An initiative of Earthwatch Institute

Whale watching with Kirra Morton

Kirra Morton is a Research Associate with the Centre for Whale Research. She is out on the water every day with Oceanic Cruises providing interpretation for visitors during their whale watching experience and explaining what to record for ClimateWatch Marine.


What motivated you to work on whales and boats?

Having grown up in a small coastal town I have been around the marine environment my entire life. I have always enjoyed getting out on the water with my friends and family so I decided to study in a field that would lead to jobs in the marine industry. If you combine the ocean with the largest animal you get motivation to work with whales!


What’s the worst job you’ve had?

A stewardess on a cruise boat - cleaning toilets and dishes is not glamorous.


Do you still feel excited when you spot a whale?

Definitely, I think anyone should feel privileged and happy if they get to watch and research whales everyday. I often have people approach me after the tours asking me how I still get excited over the whales, easy answer, they are WHALES :)  They aren't something you see everyday, well for most people. They were once on the brink of extinction and now we can head out on a boat 20 minutes from shore and watch them in their natural environment.


What’s the best way to spot whales?

The best way to spot a whale is to look for its blow. The whales exhaling through their blow holes looks similar to a tall column of mist or smoke that rises from the sea surface.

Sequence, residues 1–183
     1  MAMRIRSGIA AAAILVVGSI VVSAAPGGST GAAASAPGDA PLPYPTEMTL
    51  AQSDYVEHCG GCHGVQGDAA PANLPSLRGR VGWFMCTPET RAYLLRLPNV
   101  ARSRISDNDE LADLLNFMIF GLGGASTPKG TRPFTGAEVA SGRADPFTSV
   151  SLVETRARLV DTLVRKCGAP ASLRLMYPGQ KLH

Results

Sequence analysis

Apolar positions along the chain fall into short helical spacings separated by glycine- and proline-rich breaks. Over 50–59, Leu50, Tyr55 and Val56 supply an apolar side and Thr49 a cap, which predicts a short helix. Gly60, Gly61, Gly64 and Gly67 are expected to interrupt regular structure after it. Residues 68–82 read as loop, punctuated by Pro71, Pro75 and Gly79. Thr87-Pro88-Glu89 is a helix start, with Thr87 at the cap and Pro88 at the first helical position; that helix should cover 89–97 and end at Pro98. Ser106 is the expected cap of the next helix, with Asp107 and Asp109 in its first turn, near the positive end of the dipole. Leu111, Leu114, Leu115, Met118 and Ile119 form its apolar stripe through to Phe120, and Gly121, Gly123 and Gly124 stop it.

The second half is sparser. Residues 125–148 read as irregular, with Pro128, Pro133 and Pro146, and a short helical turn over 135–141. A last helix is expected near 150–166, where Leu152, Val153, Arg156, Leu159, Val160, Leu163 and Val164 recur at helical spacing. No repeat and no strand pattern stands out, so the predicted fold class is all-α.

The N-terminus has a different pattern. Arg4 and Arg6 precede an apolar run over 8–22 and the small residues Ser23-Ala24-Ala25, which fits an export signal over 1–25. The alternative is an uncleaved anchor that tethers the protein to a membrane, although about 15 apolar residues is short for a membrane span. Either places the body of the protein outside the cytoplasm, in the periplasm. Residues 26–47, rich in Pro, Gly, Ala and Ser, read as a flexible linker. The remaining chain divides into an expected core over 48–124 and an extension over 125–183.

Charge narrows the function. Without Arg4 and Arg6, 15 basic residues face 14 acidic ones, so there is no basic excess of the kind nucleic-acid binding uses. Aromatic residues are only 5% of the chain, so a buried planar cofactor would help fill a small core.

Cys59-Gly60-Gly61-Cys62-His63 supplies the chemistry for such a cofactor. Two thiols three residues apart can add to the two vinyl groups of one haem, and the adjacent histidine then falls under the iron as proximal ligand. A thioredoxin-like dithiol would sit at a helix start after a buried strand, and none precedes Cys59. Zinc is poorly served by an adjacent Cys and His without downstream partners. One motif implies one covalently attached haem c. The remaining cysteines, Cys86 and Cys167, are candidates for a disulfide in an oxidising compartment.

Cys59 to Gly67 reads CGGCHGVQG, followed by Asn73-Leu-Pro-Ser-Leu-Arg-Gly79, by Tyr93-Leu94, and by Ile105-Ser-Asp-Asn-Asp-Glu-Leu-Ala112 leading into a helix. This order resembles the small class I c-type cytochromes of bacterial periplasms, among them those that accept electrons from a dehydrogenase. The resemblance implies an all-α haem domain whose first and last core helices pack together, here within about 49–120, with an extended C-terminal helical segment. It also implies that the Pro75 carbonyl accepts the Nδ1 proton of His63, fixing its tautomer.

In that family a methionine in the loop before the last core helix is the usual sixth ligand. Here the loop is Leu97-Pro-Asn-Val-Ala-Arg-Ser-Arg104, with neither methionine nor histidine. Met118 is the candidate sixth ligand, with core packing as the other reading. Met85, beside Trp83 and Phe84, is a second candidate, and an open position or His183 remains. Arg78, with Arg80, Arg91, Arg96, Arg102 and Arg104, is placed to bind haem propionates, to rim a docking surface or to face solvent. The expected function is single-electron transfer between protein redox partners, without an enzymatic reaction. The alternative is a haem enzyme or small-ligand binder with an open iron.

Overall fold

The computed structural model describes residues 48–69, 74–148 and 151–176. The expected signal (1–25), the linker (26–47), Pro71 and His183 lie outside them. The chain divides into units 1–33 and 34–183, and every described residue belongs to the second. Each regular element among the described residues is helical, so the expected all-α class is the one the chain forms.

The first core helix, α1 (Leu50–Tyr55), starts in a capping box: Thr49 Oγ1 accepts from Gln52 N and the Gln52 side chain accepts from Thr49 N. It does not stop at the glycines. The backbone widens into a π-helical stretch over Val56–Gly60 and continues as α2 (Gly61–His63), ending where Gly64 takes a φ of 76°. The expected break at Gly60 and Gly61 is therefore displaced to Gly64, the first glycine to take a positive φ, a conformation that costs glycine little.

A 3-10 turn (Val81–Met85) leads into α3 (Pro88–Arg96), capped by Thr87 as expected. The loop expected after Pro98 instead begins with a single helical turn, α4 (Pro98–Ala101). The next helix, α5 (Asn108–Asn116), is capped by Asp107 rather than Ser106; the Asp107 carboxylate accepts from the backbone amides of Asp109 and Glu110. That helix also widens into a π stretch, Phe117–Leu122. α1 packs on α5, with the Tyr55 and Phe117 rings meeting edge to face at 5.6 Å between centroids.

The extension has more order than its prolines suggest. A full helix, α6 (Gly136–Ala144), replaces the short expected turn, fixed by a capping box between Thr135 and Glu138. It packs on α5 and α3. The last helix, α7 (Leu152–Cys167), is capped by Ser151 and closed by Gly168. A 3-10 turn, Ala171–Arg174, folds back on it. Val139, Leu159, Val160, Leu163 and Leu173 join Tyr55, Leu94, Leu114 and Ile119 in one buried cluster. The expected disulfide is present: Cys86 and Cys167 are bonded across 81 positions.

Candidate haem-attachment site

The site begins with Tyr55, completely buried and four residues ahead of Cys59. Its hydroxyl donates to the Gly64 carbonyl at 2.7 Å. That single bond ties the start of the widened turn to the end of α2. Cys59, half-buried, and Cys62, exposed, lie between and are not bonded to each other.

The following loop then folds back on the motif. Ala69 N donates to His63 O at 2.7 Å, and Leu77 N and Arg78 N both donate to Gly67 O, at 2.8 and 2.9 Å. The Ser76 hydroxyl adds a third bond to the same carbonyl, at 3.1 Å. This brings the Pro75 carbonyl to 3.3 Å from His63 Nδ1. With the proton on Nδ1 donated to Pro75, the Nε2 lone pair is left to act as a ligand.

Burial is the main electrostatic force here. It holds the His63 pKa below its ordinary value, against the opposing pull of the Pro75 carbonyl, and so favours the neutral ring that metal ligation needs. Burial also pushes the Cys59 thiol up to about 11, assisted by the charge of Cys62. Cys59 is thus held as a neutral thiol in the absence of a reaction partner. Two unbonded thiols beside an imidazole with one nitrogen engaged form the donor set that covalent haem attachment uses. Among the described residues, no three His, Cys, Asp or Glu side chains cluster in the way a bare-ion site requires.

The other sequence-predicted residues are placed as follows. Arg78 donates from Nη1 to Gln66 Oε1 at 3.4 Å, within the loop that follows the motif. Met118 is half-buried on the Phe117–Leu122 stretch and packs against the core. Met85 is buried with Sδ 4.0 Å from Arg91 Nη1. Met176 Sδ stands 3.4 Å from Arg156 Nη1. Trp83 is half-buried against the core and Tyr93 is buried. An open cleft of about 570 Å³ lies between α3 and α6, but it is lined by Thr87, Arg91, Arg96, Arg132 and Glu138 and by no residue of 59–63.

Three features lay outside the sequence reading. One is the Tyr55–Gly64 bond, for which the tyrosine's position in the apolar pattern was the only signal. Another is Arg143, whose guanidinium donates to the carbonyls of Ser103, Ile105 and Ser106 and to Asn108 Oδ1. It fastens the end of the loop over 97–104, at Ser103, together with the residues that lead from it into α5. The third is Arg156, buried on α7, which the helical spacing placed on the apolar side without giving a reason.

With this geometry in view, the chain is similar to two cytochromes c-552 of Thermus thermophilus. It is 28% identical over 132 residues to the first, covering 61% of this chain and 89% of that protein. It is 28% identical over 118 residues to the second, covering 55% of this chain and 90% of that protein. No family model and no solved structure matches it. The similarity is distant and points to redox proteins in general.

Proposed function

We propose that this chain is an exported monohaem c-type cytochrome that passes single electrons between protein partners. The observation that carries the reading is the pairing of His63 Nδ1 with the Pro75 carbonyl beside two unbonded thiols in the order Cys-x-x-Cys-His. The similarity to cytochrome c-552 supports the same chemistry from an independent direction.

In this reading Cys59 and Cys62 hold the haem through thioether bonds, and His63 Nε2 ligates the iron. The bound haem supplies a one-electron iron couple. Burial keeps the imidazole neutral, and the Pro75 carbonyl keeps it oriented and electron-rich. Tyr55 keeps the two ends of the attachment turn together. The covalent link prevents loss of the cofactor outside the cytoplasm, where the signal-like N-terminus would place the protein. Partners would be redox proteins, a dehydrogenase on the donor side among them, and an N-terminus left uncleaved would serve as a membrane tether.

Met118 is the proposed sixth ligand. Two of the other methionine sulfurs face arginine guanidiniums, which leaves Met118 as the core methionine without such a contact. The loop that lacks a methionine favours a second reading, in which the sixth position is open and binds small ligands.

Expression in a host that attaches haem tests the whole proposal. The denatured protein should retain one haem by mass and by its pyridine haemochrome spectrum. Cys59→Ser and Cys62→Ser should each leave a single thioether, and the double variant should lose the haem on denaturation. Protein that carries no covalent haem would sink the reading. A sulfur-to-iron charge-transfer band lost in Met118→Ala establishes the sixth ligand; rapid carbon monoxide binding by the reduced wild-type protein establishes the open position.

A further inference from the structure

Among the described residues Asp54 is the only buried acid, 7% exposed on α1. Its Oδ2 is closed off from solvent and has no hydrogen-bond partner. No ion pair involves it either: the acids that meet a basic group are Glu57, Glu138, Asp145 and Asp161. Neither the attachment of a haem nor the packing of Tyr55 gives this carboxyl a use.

How can you pick the different species?

Humpback Whales have a triangular dorsal fin, long pectoral fins and a hump on the top of their head whereas Southern Right Whales have no dorsal fin and broad pectoral fins.


What types of behaviours do they display?

There are three types of whales we observe on the tour and these are travelling whales, active whales and resting whales.

Active whales often engage in breaching which are those aerial displays that everyone tries to get a picture of. Other common whale behaviours are tail slaps, tail sailing, pectoral slaps, fluke up dives and spy hopping (when they rise vertically out of the water to see above the surface and slowly sink back down.)


What’s your favourite thing about whales?

My favourite thing about whales would have to be their size. When they come close to investigate the vessel and you can see their enormous bodies, you realise how lucky we are to have them swimming around in our oceans.


Tell us about your favourite moment out on the seas.

My favourite moment out on the seas would be on the whale watching boat I work on now. It was a beautiful sunny calm day, the engines were off and we had four whales circling the boat. A calf came up on its side and looked us straight in the eye.